Without regaining the leadership it enjoyed under Nasser, president between 1952 and 1970, Hosni Mubarak’s Egypt has replaced itself at the heart of the strategic challenges of the Middle East. The country is becoming, in particular, an essential mediator of the Israeli-Palestinian conflict.But the trust that the Arab countries have placed in it ends up withering, especially after the Israeli military operation against the Gaza Strip, between December 27, 2008, and January 18, 2009. During the raids, Egypt refuses to open entirely its border with the bombed Palestinian enclave. “Hosni Mubarak continued Sadat’s policy: that of turning to the United States and Israel,” analyzes Jean-Noël Ferrie.

Internal authoritarian drifts

Internally, at the start of his mandate, Hosni Mubarak seems to want to soften the policy of his predecessor. For example, he released 1,500 members of the Islamist Brotherhood of the Muslim Brotherhood. But this relative tolerance fizzled out. From 1984, the organization tolerated but not recognized, acquired a political base by allying itself with the Wafd party and won four seats in Parliament. Hosni Mubarak tightens the screw. Between 1990 and 1997, the repression against the Muslim Brotherhood reached its climax: 68 Islamists were executed and 15,000 were locked up in Egyptian jails.

To silence the dissonant voices, the rais relies on a formidable police apparatus and on a political system dominated by its formation, the National Democratic Party (PND). The only candidate in the presidential elections of 1987, 1993 and 1999, he won them each time with more than 95% of the vote. In 2005, however, faced with the growing discontent of the population, he had the Constitution amended to allow the holding of multi-party elections. Front pluralism: during the consultation organized that year, the authorities carefully selected the candidates. And, not surprisingly, Hosni Mubarak was re-elected with over 88% of the vote. 

“The Nile Revolution”

The last years of the reign of the Egyptian president were marked by a growing protest among the population, which led to the protest movement which led to his fall, on February 11, 2011. Triggered 18 days earlier, the revolt saw hundreds of thousands of people take to the streets of Cairo to protest against their living conditions and demand the departure of the old rais. Released in turn by the American ally, then by the Egyptian army, Hosni Mubarak throws in the towel.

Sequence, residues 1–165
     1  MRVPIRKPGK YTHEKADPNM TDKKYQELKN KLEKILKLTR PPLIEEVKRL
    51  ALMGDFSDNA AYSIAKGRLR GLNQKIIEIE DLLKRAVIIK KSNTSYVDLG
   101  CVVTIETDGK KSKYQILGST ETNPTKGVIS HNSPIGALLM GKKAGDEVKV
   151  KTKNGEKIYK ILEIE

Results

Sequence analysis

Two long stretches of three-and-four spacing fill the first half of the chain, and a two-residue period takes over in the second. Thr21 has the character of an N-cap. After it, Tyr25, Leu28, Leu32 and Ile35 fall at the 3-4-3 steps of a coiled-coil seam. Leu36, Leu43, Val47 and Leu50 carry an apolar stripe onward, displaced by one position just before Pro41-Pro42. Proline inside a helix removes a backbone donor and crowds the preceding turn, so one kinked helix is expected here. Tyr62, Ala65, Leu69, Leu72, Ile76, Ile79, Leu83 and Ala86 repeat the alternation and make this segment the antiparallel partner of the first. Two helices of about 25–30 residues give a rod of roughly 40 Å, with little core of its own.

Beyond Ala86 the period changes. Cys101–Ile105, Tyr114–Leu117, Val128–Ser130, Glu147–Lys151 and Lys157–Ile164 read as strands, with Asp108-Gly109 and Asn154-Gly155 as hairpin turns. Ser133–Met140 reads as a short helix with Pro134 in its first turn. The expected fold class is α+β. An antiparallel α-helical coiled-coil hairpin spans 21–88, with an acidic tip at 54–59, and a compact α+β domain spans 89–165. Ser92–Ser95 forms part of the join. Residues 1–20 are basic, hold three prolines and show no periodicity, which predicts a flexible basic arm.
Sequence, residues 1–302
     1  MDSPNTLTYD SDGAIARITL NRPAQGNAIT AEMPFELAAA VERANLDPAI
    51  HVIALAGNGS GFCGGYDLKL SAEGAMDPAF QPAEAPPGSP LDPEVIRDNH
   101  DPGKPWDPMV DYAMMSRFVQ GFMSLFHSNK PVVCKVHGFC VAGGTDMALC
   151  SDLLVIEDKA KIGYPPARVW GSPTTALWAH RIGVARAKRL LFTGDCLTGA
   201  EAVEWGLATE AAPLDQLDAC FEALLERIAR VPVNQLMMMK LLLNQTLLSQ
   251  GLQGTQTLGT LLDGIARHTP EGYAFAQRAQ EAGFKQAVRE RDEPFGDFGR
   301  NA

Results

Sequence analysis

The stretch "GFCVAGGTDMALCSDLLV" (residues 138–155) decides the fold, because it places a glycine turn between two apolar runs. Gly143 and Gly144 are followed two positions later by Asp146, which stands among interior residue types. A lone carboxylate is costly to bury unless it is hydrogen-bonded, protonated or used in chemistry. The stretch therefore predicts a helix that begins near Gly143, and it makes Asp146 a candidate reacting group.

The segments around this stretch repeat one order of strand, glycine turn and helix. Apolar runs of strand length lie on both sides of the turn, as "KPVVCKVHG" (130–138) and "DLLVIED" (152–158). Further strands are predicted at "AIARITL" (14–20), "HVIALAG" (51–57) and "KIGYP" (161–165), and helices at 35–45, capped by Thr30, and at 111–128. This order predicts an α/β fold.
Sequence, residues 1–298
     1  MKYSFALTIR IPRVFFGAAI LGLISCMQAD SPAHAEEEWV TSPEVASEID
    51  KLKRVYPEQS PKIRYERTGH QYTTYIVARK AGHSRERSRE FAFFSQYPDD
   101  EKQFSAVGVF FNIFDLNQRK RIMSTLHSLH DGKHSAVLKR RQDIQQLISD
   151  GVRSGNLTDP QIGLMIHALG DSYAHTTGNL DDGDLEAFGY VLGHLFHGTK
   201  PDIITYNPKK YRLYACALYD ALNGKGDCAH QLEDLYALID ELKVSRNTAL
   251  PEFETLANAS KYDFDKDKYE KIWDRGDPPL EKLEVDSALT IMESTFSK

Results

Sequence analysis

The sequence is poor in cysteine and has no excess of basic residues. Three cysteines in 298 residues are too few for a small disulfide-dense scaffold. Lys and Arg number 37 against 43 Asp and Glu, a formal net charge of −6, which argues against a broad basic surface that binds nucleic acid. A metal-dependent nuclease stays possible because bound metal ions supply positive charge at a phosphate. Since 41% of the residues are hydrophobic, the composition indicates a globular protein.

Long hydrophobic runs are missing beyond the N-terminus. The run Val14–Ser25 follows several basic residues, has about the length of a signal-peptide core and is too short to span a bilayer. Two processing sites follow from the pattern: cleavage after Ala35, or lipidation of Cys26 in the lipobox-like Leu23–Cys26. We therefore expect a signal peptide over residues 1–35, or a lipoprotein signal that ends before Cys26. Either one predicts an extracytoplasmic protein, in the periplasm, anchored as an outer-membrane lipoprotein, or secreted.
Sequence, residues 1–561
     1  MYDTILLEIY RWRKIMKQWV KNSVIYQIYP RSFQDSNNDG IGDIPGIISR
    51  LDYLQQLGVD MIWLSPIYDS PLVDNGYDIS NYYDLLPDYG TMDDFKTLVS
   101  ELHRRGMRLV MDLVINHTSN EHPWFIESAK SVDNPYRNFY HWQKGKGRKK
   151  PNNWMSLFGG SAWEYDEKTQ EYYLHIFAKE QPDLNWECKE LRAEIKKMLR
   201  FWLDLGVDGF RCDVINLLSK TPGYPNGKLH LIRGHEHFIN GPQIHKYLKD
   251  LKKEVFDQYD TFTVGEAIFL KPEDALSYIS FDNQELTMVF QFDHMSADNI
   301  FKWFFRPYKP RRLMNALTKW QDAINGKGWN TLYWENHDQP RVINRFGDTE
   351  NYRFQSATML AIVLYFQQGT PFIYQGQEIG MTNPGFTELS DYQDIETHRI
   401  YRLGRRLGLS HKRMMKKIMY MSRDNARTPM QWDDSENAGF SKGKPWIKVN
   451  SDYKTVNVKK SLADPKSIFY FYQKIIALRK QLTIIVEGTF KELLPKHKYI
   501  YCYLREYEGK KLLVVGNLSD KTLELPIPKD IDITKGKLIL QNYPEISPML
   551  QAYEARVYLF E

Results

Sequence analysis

As fast as it is spontaneous, the revolution fed on the economic and social difficulties endured by the Egyptians. In 2010, 44% of the country’s population still lived on less than 2 euros per day. After having silenced the opposition, Hosni Mubarak had arranged to be reappointed hands down before being suspected of wanting to transmit power to his son Gamal. In vain.

Since his dismissal, Hosni Mubarak’s fragile health has been the subject of incessant speculation and contradictory information, reporting, in turn, acute depression, cancer, heart attacks or respiratory problems. He had been regularly hospitalized and admitted to intensive care since his departure from power.

© The Eastern Herald
No oligarch or politician dictates to us how to write about any subject. We need your support. Please contribute whatever you can afford. Click here to make your donation.
Follow us on:
Eastern Herald on Google News
-Advertisement-
Qamar Munawer
Editor at The Eastern Herald. Studied Bachelor in Architect in Chandigarh, India. Collecting and writing newsworthy stories from around the world. I love to praise nature.